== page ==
Using human technological progress as an example, Barrow argued that advanced civilizations would continue to extend their control of the natural environment to increasingly smaller scales (rather than larger). So, instead of looking to occupy more of outer space, advanced ETIs could eventually be satisfied with harnessing inner space (the quantum realm and what lies beneath it).
These findings anticipated what John A. Smart would argue with his “Transcension Hypothesis,” which he proposed in 2011 (and presented an expanded version of in 2018). Rather than expanding to create galactic empires, this theory suggests that advanced species would “transcend” by merging with their technology to migrate to energy-rich exotic environments (like the vicinity of black holes).
Decades later, Hart’s “Fact A” continues to frustrate and annoy scientists who prefer to think that humanity is not alone in the Universe. But perhaps we’re looking at it backward. Perhaps the absence of the activity in our galaxy that we usually associate with empires (trade, migration, war, etc.) does nothing to disprove the existence of alien civilizations, but instead proves that the whole “galactic empire” thing is pure fantasy.
It makes sense though, doesn’t it? Throughout human history, empires have fallen from within because they overextended themselves. The farther one ventures from the political, economic, and administrative center of civilization, the harder it is to administrate and control it all.
This is certainly apparent when one looks at the largest empires in human history. In the 4th century BCE, Alexander the Great conquered an empire that extended from Macedonia to India and measured over 5.2 million km² (2 million mi²). However, it broke apart just twenty-two years after his death (323 BCE) and was overtaken by successor states.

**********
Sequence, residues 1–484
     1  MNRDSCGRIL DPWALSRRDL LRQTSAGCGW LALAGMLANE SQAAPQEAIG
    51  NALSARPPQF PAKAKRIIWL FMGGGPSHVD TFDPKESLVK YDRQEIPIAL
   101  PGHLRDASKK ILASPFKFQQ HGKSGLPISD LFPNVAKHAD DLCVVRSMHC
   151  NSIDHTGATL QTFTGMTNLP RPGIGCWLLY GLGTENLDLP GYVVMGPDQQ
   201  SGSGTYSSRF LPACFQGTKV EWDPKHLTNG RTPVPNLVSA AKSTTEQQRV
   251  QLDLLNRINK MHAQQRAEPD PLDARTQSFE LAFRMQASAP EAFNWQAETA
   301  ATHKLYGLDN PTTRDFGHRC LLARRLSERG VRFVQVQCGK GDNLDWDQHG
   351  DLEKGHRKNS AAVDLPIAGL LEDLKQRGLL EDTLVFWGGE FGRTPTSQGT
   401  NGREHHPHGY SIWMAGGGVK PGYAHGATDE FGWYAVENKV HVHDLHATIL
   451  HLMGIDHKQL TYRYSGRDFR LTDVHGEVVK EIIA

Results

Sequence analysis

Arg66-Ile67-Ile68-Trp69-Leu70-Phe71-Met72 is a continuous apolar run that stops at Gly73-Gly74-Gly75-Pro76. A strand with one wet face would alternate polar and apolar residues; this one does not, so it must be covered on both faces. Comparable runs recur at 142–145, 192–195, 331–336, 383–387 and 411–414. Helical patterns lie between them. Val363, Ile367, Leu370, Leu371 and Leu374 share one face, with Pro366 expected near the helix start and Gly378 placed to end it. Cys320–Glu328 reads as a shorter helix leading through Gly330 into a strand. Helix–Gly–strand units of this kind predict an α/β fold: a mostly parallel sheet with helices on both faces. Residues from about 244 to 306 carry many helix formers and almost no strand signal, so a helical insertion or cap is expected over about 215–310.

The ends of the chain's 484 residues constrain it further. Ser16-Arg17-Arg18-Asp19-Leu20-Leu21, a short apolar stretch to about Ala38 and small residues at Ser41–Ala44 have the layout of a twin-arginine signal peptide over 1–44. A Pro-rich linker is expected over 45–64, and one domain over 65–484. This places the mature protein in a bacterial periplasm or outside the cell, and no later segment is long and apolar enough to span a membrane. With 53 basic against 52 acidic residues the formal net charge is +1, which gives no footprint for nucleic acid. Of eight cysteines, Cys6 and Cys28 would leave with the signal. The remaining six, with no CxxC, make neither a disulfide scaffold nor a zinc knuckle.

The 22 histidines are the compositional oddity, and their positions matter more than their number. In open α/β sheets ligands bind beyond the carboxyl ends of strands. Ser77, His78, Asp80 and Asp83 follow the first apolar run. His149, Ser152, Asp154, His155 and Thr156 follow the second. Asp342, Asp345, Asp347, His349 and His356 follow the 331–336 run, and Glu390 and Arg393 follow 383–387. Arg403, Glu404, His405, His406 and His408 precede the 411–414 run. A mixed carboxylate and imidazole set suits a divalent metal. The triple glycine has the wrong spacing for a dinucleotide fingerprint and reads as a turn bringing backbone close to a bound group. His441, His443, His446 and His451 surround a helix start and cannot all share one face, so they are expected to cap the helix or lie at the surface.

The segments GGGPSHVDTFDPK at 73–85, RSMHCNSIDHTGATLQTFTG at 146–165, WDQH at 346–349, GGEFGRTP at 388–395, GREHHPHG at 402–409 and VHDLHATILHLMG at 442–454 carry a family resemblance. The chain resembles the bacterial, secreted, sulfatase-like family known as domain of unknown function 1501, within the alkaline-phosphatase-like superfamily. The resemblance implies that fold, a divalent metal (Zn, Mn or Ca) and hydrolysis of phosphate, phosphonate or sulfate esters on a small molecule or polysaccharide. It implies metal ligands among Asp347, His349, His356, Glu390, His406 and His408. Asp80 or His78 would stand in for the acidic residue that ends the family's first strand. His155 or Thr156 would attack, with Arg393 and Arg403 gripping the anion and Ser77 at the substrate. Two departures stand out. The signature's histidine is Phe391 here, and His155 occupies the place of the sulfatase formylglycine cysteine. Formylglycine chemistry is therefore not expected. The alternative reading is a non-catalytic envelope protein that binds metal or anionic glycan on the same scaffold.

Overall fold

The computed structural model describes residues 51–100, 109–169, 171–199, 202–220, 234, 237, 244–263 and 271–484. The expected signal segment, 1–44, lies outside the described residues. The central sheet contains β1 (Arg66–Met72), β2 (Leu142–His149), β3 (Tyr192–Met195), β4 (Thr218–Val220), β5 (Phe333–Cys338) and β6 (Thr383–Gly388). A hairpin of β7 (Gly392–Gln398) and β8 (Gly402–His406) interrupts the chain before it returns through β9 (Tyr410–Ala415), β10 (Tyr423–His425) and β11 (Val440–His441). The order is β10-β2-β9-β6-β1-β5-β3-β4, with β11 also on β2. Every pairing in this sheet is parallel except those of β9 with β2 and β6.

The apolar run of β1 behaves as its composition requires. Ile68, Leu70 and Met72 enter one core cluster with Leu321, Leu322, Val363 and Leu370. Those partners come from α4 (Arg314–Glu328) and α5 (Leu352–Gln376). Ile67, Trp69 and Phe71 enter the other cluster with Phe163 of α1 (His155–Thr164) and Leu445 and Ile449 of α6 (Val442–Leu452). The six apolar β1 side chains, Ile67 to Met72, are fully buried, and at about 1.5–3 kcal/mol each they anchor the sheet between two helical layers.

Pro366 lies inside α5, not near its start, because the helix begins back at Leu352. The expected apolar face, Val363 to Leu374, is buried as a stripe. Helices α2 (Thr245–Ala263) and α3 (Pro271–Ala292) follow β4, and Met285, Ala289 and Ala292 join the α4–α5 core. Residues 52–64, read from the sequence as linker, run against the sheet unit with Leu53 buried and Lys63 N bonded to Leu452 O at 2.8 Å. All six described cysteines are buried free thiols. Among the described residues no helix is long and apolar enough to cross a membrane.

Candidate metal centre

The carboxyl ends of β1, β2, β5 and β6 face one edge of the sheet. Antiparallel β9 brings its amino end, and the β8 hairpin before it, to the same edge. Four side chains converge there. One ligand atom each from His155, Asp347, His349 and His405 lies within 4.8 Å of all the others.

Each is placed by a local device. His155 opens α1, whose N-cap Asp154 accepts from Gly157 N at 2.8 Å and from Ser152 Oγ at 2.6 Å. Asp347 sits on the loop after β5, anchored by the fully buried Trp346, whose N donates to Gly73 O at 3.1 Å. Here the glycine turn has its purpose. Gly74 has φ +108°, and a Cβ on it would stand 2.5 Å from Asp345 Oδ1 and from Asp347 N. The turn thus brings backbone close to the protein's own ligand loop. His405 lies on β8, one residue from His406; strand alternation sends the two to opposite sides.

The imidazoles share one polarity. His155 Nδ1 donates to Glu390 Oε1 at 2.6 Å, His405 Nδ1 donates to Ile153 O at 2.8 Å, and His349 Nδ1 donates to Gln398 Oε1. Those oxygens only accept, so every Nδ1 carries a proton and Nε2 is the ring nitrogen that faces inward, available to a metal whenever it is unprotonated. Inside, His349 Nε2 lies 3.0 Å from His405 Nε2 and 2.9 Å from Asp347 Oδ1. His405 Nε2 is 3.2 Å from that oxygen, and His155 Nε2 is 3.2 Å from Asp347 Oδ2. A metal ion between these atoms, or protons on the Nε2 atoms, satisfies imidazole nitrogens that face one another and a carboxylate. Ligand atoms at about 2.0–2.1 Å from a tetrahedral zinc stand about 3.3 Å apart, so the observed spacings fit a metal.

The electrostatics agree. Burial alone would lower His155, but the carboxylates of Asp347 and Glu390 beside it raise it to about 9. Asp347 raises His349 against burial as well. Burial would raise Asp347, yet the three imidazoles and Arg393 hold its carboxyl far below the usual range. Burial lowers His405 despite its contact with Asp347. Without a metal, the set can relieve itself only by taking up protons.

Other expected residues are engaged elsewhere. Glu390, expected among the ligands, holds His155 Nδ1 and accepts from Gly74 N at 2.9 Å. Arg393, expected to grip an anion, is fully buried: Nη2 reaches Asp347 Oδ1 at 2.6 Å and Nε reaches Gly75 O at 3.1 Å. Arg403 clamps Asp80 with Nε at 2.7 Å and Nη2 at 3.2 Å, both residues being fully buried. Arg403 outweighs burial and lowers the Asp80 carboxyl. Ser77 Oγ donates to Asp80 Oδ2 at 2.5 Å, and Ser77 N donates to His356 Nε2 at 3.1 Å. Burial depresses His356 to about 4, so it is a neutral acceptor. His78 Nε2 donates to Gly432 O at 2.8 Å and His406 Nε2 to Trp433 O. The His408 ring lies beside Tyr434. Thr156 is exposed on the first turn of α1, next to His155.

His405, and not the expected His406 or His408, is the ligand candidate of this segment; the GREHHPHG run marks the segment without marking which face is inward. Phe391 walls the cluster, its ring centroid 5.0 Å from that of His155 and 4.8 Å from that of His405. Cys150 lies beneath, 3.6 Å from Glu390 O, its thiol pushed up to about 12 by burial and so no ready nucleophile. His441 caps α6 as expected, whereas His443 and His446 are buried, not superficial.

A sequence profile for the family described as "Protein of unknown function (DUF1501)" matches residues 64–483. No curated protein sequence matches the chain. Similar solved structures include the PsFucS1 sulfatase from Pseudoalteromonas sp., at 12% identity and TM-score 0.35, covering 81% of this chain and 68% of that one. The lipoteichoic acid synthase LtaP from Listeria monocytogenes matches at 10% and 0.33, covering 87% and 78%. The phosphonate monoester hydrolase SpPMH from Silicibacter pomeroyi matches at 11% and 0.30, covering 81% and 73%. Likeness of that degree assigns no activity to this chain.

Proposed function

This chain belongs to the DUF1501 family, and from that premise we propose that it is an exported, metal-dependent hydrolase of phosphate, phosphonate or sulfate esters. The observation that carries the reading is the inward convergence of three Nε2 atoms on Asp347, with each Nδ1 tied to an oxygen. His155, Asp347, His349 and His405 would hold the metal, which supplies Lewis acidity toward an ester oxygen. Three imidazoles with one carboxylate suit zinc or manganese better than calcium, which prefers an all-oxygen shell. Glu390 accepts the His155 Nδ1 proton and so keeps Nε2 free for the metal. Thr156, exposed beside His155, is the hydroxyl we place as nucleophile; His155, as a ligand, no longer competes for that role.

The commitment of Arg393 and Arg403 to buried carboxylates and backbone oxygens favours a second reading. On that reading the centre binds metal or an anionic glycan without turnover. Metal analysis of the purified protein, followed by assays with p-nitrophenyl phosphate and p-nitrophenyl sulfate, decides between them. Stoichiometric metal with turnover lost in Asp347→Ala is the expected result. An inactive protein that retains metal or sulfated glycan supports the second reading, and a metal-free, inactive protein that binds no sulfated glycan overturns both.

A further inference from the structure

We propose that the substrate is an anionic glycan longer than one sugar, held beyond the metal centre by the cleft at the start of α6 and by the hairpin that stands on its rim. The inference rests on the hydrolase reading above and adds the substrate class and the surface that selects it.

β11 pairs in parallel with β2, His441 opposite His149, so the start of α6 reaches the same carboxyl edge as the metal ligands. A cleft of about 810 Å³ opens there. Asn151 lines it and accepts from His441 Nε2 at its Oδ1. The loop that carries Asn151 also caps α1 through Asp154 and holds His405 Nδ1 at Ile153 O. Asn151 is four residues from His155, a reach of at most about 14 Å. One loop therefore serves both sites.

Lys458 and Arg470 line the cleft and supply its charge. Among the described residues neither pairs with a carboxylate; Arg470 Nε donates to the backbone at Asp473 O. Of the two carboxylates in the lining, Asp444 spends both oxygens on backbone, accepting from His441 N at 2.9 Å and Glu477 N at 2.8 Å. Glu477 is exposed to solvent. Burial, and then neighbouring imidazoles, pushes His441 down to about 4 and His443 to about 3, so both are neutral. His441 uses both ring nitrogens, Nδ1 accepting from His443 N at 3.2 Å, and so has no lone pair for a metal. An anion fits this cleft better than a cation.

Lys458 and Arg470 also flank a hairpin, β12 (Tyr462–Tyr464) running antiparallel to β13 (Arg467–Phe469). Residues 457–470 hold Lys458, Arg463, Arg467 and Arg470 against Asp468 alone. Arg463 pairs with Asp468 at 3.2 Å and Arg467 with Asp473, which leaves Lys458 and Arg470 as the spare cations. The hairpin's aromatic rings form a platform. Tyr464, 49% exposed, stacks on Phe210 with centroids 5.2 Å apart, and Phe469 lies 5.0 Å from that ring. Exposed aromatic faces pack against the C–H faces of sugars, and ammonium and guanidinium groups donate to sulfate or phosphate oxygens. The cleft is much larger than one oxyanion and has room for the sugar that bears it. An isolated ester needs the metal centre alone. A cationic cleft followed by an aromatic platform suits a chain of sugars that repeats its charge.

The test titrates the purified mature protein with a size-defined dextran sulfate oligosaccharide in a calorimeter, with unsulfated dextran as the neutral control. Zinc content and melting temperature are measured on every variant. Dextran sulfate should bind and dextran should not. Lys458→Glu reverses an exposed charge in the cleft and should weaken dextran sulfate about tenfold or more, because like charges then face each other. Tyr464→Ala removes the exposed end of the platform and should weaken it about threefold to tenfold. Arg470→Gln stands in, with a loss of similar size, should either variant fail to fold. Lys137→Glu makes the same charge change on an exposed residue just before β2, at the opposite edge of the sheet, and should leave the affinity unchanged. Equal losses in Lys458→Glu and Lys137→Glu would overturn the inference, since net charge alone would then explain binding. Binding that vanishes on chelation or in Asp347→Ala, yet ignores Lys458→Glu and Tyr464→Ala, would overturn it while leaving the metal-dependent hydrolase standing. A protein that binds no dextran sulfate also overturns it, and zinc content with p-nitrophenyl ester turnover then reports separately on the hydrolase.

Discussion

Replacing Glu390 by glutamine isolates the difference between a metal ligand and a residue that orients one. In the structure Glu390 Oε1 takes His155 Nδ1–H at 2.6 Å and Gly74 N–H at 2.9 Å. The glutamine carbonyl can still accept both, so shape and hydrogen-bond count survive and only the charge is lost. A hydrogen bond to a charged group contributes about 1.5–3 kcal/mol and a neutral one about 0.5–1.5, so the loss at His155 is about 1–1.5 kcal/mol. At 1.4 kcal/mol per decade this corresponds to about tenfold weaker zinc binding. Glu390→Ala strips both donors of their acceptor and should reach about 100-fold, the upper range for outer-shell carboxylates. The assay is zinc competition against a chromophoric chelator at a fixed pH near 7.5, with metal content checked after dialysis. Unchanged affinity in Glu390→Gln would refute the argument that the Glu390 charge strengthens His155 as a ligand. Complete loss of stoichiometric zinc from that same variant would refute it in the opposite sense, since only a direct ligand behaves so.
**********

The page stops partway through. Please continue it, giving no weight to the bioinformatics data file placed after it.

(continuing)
The Roman Empire suffered a similar fate. At its height (117 CE), it extending from the British Isles to Asia Minor and encompassed a landmass of 5 million km² (1.93 million mi²). Yet, less than three centuries later it began to split apart and decline (circa 395 CE and after).
The Mongolian Empire was even larger, stretching from East Asia to Eastern Europe and measuring 24 km² (9.27 million mi²) at its height. But it endured for less than a century (1206-1294 CE) before it too broke into a number of successor-states.
The British Empire, the largest in history — 35.5 km²(13.71 mi²), endured from the early of the 18th century to the mid-20th. While the sun didn’t officially “set on the British Empire” until the repatriation of Hong Kong in 1997, the general consensus among historians is that Imperial rule ended shortly after the Second World War.
Compare this to the early human migrations that led to the human occupation of the entire planet. According to various lines of evidence, it is theorized that homo sapiens began migrated from Africa ca. 200,000 years ago. By 40,000 years ago, they had effectively settled from Western Europe and Africa to East Asia, Australia, and Polynesia.
According to the most recent genetic evidence, anthropologists estimate that humans began to spread into the Americas during the Late Pleistocene, ca. 16,500 years ago. As of ca. 14,000 years ago, they had reached all the way to the tip of Chile in South America, creating the groundwork for civilizations and nations that would endure to this day.
Looking no farther than beyond Earth and the history of humanity, we can see how empires and centralized rule are doomed to fail. This same history also shows how “percolating” waves of migration can eventually lead to long-term and lasting settlement. Perhaps the same holds true for interstellar migration, should we ever dare to attempt it.
If we do, it’s likely that the best we can hope for is to create a small “empire” that embraces just a handful of the nearest star systems. Or maybe we just need to forego the whole idea of controlling things from the center and allow settler ships to travel outwards in all directions, creating new civilizations among the stars that Earth will have no sway over.
The only alternative is to forgo interstellar expansion entirely and be c
ontent with what we have here in the Solar System. And if there is advanced life out there somewhere, we can only surmise that they struggled with the same questions at some point. We can only hope they came up with a satisfactory answer, one which we could learn from someday.